Marketer Doesn’t Have LivingSocial Libel Case

     (CN) – LivingSocial should not face libel claims from a former marketer it accused of sharing secrets with the competing deal website, Travelzoo.com, a federal judge ruled.
     In 2010, LivingSocial hired Wendy Murphy as a marketing consultant for its website, which offers daily discount vouchers for local businesses and vacation packages.
     When Murphy resigned from the company in March 2012, Seth Brown, head of litigation at LivingSocial, sent a letter reminding her of a noncompete agreement she signed.
     The letter also stated that he suspected Murphy of sharing information with Travelzoo, a competitor of LivingSocial in the vacation deal industry.
     In addition to informing Murphy that LivingSocial was considering legal action against her, Brown also informed Travelzoo of Murphy’s noncompete agreement.
     Five days after Brown sent the letter, Murphy filed a lawsuit in Illinois, later transferred to the District of Columbia, for breach of contract and violation of the Illinois Wage Payment and Collection Act. She also accused Brown individually of libel per se.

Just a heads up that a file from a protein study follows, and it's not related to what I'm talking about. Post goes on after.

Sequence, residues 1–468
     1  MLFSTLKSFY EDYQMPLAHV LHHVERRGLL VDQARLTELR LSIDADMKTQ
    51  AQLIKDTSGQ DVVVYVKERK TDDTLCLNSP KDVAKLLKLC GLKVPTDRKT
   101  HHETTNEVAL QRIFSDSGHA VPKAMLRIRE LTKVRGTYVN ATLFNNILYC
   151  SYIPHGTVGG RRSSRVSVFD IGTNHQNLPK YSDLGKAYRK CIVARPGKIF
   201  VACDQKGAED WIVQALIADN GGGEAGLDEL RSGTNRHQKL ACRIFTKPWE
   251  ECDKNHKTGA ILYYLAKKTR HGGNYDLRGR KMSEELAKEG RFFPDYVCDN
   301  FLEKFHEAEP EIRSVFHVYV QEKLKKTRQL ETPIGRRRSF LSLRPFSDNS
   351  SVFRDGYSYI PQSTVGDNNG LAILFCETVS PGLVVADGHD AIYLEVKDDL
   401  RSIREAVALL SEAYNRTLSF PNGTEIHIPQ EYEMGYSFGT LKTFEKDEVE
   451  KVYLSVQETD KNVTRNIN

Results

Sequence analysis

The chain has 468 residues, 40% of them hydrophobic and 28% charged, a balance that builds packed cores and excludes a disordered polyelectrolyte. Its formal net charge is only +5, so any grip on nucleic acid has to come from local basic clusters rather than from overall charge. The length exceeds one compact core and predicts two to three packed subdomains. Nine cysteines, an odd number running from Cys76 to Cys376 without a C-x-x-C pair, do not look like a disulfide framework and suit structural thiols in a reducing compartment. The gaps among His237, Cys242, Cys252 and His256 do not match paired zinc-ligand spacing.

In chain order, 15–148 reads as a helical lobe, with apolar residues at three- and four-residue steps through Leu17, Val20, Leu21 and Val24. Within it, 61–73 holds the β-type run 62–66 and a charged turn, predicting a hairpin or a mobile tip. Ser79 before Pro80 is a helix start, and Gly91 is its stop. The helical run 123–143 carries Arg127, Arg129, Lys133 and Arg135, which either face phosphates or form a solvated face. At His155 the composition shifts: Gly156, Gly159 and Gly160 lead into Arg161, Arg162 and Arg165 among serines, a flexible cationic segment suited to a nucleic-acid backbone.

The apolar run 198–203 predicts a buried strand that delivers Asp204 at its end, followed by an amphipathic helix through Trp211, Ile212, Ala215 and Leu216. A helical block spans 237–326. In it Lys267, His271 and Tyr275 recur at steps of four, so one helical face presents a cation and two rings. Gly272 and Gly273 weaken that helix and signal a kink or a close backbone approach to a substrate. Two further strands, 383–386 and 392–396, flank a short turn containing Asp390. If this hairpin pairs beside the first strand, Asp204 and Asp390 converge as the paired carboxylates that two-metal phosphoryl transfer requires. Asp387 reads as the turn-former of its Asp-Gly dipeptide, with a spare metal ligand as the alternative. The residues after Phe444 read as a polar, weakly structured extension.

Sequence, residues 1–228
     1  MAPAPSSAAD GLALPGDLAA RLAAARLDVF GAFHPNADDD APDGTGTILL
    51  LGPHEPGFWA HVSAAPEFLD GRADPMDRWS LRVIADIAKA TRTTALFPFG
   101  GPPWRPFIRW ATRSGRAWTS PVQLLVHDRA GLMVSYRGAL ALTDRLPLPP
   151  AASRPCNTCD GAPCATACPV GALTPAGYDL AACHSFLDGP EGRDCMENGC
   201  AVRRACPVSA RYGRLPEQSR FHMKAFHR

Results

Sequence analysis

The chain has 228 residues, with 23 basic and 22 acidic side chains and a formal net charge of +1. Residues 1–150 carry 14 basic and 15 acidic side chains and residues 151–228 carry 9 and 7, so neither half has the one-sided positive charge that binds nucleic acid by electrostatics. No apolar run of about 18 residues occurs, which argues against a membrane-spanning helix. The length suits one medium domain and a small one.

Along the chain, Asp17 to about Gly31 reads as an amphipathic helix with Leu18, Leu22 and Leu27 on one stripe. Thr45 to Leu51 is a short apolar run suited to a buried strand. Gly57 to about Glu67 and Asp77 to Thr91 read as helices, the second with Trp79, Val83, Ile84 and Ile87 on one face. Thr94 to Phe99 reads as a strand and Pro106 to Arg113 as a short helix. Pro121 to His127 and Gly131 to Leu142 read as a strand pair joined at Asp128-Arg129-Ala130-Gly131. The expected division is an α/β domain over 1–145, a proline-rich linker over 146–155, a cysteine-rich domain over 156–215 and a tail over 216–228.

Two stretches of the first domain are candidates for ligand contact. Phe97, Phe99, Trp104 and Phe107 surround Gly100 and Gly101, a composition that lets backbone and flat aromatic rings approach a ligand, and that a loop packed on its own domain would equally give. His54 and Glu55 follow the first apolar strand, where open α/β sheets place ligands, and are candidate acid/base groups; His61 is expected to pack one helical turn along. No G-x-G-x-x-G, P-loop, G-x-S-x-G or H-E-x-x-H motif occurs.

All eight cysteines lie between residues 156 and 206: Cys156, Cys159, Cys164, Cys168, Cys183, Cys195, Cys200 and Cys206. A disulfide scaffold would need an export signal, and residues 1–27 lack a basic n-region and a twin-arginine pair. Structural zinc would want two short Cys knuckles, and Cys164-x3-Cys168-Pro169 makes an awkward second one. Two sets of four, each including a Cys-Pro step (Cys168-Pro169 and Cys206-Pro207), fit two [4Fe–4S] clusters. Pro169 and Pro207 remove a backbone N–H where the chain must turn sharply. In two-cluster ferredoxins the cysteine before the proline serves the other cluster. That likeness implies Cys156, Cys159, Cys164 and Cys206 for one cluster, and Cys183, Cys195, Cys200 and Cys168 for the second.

U.S. District Judge Emmet Sullivan upheld the venue transfer Monday, ruling that the choice-of-law clause in Murphy’s employment contract is reasonable given LivingSocial’s headquarters in the district.
     The choice-of-law clause additionally applies to Murphy’s libel claim because it is “inextricably intertwined with, and arises out of, plaintiff’s employment with LivingSocial,” according to the ruling.
     After establishing proper jurisdiction, Emmet dismissed the libel claim against Brown entirely.
     “The court finds that the statements in the letter indicate that litigation was under serious consideration,” Sullivan wrote. “Furthermore, the statements in the letter bear a clear relationship to the dispute because they defined the nature of the dispute. Accordingly, the court finds that the Travelzoo Letter is protected by the judicial proceedings privilege.”
     Murphy also gave LivingSocial permission to share the terms of the noncompete agreement with prospective employers, the court found.
     “The statements made in the letter, alleging plaintiff had violated the restrictive covenants of the non-compete agreement, were directly relevant to the purpose for which consent was given,” Emmet wrote. “Finally, the publication of the statement was limited to Travelzoo’s human resources director, who had a legitimate interest in the content of the statements. Accordingly, the letter is protected by the privilege of consent, and plaintiff’s claim fails.”
     Murphy’s other claims against LivingSocial remain pending.

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